Prince Adewole Adebayo, Social Democratic Party (SDC) Candidate for President of Nigeria Convenes Meeting with Top African American Leaders About the Future of Nigeria
(JULY 12, 2022 – WASHINGTON, D.C.)
Nigerian Prince Adewole Adebayo, Social Democratic Party (SDP) candidate for President of Nigeria, convened a meeting last week at The Ven Hotel in Northwest, Washington, D.C. to discuss the future of Nigeria with top African American leaders in education and media. Adebayo met with Honorary Ambassador Reverend Dr. George E. Holmes, The Honorable Lezli Baskerville, Esquire, HBS and President and CEO of the National Association for Equal Opportunity in Higher Education (NAFEO), Christina Royster, President and CEO of Big Media Agency, Dr. Ky Dele, Public Relations Liaison, and others to discuss how future opportunities for the people of his country could be created by greater exposure to education.
President Baskerville opined that her views for growing an expanded and enhanced cohort of Nigerians who are educated, innovated, and using their abundant gifts, talents, and other resources to close the economic, wealth, health, sustainability, and justice gaps, address climate change, and grow a stronger more just nation aligns foursquare with that of Prince Adebayo. “The future of Nigeria, Africa in general, and the African diaspora is contingent upon an interdependent and inseparable collaboration among African-Ancestored people worldwide,” she said.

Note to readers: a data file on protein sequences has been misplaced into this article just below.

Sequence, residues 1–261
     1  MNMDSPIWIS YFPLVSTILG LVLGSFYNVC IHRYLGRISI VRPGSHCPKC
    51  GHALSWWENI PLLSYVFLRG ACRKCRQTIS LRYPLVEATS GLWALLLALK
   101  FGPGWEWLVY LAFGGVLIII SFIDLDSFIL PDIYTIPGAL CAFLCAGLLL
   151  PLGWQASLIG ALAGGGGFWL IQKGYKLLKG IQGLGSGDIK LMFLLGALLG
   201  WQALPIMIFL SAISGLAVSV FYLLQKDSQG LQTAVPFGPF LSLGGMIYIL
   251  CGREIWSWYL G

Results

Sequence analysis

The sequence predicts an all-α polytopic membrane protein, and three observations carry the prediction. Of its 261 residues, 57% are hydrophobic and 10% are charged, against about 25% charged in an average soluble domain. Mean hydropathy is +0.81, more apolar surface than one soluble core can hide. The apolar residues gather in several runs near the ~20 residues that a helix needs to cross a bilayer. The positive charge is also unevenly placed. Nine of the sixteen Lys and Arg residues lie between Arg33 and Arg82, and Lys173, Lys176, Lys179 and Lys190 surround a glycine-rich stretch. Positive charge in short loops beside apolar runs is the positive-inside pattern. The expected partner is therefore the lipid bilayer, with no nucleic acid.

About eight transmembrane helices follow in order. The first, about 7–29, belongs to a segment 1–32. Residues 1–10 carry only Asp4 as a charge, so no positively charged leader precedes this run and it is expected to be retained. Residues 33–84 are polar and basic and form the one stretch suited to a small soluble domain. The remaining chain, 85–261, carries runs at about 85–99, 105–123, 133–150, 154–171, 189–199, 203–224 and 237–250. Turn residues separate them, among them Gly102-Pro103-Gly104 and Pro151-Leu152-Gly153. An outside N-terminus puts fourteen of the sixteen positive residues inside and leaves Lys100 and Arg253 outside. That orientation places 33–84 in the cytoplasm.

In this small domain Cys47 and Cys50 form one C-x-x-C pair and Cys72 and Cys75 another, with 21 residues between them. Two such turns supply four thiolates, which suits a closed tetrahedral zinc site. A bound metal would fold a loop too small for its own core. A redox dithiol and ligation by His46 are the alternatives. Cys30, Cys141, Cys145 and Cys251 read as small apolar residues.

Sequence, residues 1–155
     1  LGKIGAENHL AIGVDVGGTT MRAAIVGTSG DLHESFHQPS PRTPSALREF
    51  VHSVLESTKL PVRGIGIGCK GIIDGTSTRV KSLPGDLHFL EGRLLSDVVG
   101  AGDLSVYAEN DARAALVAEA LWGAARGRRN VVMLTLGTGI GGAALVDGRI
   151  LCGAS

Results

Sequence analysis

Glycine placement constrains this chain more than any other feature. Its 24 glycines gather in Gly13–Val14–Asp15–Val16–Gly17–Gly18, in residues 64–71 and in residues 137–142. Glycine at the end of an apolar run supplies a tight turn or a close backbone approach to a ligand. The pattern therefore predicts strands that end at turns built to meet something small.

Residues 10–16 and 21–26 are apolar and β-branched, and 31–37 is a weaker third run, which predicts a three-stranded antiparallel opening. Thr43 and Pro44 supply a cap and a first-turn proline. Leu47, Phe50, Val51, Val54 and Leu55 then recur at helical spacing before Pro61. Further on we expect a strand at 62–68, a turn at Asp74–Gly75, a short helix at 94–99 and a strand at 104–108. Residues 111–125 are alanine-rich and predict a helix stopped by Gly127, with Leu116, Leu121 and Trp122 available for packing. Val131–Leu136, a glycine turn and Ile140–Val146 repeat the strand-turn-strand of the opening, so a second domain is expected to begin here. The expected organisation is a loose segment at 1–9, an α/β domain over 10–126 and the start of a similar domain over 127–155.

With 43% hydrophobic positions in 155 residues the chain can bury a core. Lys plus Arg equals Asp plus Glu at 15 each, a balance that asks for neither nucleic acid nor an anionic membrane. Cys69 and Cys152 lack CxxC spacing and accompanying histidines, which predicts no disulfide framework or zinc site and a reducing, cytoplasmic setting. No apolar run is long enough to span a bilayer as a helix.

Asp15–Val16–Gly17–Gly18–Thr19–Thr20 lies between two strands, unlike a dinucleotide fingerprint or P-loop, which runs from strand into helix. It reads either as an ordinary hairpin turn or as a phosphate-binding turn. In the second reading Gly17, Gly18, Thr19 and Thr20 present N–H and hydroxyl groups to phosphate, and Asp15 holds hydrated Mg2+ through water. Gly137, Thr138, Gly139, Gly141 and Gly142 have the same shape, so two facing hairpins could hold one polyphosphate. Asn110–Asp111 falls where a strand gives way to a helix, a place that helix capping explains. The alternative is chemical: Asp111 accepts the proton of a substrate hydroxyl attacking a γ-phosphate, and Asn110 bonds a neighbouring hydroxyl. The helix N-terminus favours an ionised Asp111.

“As institutions of education, innovation, liberation, scientific research, workforce preparation, entrepreneurship, service corps diplomatic, and peace corps preparation, HBCUs are the ideal institutions for moving African-Ancestored people forward, globally. From their inception HBCUs have prepared great African leaders. President Nnande Azikiwe, the first president of Nigeria, and President Kwame Nkrumah, the 1st president of Ghana were molded by Lincoln University, the first degree-granting HBCU.”
“I am especially interested in the wealth development vision of Prince Adebayo,” she continued. “Imagine how we could improve the lot of African-Ancestored people worldwide, if we better leveraged technology, our institutional resources, national and human resources, scientific research, and made more strategic use of our expendable income– $1.3T among Black Americans and the $4T GDP of the countries participating in the Africa Continental Free Trade Area.”
While President Baskerville recounted a very compelling story in the area of collaborative education and economics, others were focused on how to deploy those stories to make them resonate with audiences in dynamic ways that call them to action.